A new study finds that trending topics on Twitter don't come from celebrities or other influences, they come mainly from established news organizations. The report further states that these trending topics are not influenced by the number of followers a user has or how popular their tweets are; instead, popular news outlets take top honors, influencing 72 percent of trending topics. Find out more, including how these stats were found after the break.
Researchers analyzed over 16 million tweets, and also found that trending topics can change . . . fast. The longest that a topic will stay high on the list is about 40 minutes. And while user tweets containing certain hashtags can elevate a topic to trending status, more users are viewing tweets from the source (i.e., the news outlets) instead of using them as commentary for others.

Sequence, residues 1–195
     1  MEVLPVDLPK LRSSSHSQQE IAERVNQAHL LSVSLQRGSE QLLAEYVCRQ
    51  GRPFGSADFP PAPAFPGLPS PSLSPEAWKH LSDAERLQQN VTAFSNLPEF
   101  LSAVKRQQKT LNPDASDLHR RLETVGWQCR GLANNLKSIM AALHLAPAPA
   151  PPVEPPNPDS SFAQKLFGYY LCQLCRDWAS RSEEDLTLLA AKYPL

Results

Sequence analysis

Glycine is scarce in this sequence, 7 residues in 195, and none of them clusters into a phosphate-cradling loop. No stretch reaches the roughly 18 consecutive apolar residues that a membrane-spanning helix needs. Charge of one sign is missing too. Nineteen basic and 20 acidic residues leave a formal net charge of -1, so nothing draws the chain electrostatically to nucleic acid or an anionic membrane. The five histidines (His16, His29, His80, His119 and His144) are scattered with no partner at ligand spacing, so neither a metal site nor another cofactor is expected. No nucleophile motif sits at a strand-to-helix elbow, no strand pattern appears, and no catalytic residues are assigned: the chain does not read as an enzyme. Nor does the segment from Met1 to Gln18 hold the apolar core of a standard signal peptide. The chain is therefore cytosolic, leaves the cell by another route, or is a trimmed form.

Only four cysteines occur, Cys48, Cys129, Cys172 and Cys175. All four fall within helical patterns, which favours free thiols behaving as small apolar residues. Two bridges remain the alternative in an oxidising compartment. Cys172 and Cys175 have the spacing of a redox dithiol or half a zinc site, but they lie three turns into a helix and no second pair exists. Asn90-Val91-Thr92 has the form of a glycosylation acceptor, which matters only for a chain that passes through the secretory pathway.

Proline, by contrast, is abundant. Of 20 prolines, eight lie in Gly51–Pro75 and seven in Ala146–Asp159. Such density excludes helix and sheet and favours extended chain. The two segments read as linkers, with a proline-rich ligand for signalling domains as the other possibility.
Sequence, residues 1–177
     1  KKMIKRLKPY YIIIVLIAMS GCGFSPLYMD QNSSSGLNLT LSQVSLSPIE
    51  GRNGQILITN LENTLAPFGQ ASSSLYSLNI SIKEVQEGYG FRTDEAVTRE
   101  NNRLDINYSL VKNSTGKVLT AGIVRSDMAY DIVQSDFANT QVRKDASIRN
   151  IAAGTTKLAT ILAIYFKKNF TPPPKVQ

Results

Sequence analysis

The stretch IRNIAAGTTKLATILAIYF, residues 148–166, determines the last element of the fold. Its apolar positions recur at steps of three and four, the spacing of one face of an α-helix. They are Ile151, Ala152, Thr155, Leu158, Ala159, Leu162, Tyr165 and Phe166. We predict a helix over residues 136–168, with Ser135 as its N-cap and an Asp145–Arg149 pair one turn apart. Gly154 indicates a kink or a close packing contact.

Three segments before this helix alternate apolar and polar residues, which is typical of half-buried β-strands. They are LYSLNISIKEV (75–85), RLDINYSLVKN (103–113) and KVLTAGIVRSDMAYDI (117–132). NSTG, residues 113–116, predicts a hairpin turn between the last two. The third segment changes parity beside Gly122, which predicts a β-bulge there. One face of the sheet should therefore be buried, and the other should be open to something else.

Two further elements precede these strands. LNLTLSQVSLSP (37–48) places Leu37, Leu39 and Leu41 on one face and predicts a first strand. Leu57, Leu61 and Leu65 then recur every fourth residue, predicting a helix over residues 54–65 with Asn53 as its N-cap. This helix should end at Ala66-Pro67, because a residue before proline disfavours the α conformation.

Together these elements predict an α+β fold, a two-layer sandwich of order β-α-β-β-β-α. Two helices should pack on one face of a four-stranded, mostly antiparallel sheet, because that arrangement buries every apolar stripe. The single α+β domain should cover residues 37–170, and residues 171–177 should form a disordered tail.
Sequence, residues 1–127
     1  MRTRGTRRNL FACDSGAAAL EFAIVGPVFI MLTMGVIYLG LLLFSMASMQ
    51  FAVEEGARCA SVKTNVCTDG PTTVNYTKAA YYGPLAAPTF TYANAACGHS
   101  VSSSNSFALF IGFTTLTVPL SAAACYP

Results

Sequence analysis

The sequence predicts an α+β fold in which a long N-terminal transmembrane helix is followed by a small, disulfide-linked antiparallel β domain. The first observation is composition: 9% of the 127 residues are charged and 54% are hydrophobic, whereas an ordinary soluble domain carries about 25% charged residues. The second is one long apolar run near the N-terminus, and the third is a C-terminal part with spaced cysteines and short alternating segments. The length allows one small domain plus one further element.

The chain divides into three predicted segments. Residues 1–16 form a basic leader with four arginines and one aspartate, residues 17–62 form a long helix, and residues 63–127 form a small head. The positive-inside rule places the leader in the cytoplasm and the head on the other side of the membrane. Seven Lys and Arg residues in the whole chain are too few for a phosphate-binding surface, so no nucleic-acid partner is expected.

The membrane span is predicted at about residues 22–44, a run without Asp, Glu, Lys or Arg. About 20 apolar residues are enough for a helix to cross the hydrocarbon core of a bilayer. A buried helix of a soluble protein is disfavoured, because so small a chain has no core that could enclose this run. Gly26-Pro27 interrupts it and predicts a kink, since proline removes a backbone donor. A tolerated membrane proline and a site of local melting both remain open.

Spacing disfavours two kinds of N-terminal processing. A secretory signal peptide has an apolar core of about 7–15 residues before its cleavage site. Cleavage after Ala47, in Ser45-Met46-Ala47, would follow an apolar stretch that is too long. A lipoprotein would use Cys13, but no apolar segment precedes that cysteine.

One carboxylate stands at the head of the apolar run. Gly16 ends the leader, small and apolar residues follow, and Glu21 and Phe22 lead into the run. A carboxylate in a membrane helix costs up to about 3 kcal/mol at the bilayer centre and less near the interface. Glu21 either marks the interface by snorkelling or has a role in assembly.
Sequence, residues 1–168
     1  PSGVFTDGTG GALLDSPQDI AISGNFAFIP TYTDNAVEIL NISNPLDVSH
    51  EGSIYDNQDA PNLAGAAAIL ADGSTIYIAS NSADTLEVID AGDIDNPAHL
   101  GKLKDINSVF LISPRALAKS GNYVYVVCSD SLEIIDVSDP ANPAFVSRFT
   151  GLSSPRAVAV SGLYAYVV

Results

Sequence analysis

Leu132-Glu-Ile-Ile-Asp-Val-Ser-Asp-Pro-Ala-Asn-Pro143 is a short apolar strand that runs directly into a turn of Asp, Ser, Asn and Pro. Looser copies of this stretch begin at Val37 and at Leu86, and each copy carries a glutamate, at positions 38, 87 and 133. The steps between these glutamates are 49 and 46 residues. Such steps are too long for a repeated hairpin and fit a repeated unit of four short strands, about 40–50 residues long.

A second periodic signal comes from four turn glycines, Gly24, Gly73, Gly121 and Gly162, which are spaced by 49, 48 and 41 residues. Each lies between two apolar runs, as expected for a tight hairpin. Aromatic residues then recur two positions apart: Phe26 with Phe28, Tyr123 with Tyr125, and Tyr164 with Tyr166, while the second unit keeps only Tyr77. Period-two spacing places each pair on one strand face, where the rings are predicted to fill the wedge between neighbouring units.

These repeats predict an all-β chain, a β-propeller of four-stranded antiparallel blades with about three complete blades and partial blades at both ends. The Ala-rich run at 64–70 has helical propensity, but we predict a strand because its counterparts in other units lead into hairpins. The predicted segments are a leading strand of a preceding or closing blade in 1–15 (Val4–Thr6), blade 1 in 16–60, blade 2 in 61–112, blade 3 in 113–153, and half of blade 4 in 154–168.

As someone who gets paid to write words for an established organization, I think these findings are quite positive. But beyond my personal interest in well-written and researched content, it also makes a statement about how Twitter users are consuming news. By choosing to work within Twitter's massive reach, news organizations are able to quickly spread their message — and it's working. Also interesting: the fact that users are naturally drawn to the source of the news rather than what others are saying about it.